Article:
Helipad proposal under fire

Harrison Medical Center wants to construct a new heliport in the southwest corner of its Silverdale campus, but four Tracyton Boulevard residents are concerned for the safety of drivers and pedestrians at the nearby Ridgetop Boulevard and Myhre Road intersection.

The Kitsap County hearing examiner granted a conditional use permit to Harrison in early September last year, but by Sept. 27, 2005, residents had filed an appeal of that decision.

At a hearing Monday they once again presented their worries.

“The heliport pad is 32 feet away from that sidewalk (on Ridgetop Boulevard),” said John M. Taylor, a resident of Tracyton Boulevard who spearheaded the appeal he and neighbors filed with the county. “That’s our No. 1 concern. And a 6-foot fence isn’t going to do a thing.”

Harrison’s plan includes relocating the existing sidewalk and erecting sight-obscuring fences along Ridgetop Boulevard and Myhre Road to minimize the impact to traffic, according to report documents filed with the county.

Taylor and his neighbors do not consider these measures adequate, however, and would like the heliport located north of Harrison’s existing buildings in Silverdale.

“In the hospital’s original master plan, the helipad was on the north side of the existing parking lot,” Taylor said.

Don Thornton, Harrison’s vice president of operations, said locating the helicopter landing on the northern part of the campus would be in the way of future expansion and construction of the facility.

“The appropriate location is closer to the emergency department,” Thornton added.

He said that the heliport’s construction in the vicinity of Harrison is a necessity.

“It’s a logical location for a helipad because there’s no existing helipad in the CK Fire & Rescue area,” Thornton said.

Taylor and his co-appellants, Robert and Sharon Schneidler, F.W. and J.R. Worthington, and Ellen Schupay, agree there ought to be a safer designated spot for the Airlift Northwest’s helicopter to land in Central Kitsap than the Kitsap Mall’s parking lot, which now averages 50 emergency airlifts annually.

“I think it’s stupid where it is now,” Taylor said. “I’m surprised no one’s gotten killed. That’s not a safe place and neither is this.”

According to plans, the helicopter would fly to the proposed heliport from the direction of Costco, crossing over Myhre Road alone, not over Ridgetop, which has the residents involved with the appeal process worried about the noise pollution, as well as safety, for commuters at the intersection.

Harrison representatives, though, contend the noise is not that great and it is a small price to pay when improving the recovery chances of accident victims and other patients.

First responders concurred at county-hosted hearings on the proposed landing area project.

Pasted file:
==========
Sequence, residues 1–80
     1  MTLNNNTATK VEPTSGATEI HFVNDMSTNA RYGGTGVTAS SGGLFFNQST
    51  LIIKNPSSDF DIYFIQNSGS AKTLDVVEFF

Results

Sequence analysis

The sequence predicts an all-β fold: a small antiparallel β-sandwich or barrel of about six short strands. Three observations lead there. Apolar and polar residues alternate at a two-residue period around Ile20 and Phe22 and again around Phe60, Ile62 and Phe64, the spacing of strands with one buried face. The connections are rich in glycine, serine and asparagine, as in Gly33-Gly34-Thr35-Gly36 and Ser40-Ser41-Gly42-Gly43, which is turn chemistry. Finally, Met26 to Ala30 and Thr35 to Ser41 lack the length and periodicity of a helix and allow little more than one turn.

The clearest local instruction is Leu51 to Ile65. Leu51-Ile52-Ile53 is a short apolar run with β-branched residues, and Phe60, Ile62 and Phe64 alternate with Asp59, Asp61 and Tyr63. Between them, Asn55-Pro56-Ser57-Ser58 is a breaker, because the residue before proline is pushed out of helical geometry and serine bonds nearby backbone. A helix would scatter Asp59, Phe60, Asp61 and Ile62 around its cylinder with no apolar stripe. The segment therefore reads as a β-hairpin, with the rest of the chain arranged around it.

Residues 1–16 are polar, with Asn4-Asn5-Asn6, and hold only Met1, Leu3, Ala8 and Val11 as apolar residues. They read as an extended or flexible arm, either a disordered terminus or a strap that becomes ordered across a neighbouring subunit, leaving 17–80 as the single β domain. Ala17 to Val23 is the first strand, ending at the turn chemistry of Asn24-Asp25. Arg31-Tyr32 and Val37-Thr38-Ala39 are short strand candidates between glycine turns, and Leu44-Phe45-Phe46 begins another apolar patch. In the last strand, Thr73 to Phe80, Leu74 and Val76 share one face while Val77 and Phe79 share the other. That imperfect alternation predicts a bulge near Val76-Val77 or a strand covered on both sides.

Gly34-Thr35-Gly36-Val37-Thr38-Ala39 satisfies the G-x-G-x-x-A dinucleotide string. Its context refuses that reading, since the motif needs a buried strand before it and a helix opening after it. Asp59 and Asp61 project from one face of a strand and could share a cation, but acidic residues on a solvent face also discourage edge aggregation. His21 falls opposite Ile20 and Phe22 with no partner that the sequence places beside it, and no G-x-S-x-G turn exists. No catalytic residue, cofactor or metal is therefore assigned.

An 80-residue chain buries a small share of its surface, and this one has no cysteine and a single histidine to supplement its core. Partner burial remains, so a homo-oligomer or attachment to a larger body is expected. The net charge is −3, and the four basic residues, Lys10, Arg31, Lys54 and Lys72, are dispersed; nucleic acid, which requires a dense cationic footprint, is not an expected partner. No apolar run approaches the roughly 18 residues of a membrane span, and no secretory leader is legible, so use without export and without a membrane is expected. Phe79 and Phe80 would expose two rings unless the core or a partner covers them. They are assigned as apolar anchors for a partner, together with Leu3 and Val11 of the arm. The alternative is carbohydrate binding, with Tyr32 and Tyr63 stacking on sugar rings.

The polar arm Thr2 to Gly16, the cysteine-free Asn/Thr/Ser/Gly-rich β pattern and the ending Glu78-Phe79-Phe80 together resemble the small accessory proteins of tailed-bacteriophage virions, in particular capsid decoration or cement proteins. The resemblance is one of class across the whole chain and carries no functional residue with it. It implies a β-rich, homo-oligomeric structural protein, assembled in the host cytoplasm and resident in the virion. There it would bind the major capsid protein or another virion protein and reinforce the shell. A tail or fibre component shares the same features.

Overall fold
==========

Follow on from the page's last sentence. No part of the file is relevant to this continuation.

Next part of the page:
“(The proposed helipad location) actually increases safety and reduces transport time,” said Bill Minks, Central Kitsap Fire & Rescue fire inspector, in a phone interview Monday. “Just the time factor greatly increases survivability. In the golden hour every minute counts.”

Access to a trauma center within the first 60 minutes after a traumatic life-threatening injury significantly improves the likelihood for survivability and maintained quality of life after recovery, he explained.

In the mall’s parking lot lurk dangers in the shape of electric and lamp posts and telephone wires. Often the victims of trauma need to be transported to Harrison’s Silverdale building to be stabilized before an ambulance takes them back to the mall for the helicopter ride to Harborview Medical Center in Seattle where they can receive level 1 trauma services.

Harrison Silverdale was not constructed as a trauma center. It is Harrison’s Bremerton building that has the best area emergency department services — a level 3 trauma center.

In Bremerton, Harrison has a heliport on the roof of the emergency department, but the Silverdale building, focused on women and children services and same-day outpatient surgery, was not designed to accommodate helicopter landings. The mall’s parking lot became the emergency landing site.

“Five years ago when the hospital (in Silverdale) opened up that was OK, but the mall is getting busier,” said Patti Hart, spokeswoman for Harrison.

In 2005, Airlift Northwest flew patients from the Kitsap Mall’s parking lot to Harborview 46 times. Of those, 28 were Harrison patients with the rest transported directly to Seattle.

If constructed at the Harrison Silverdale location, the $80,000 grasscrete-surface heliport would be used primarily for transporting patients who are in need of services they cannot receive from Harrison’s trauma centers.

“The helicopter is very expensive to operate and it requires highly, highly, highly skilled nurses (and staff),” Hart said. “It’s not the way you want to transport patients unless the patient absolutely needs the level 1 trauma services at Harborview.”

Thornton, however, anticipates the numbers of flights to increase in years to come as the CK population grows and Harrison expands its Silverdale campus and the services it offers. Increased helicopter traffic is another one of the concerns Taylor and his fellow appellants site in their objections.

Patty Lent, district 3 commissioner, said one of the questions that came up during Monday’s hearing was whether Harrison would be using the heliport for its own purposes, as opposed to EMS-related transports alone. The commissioners delayed their decision-only vote on the appeal until March 13.

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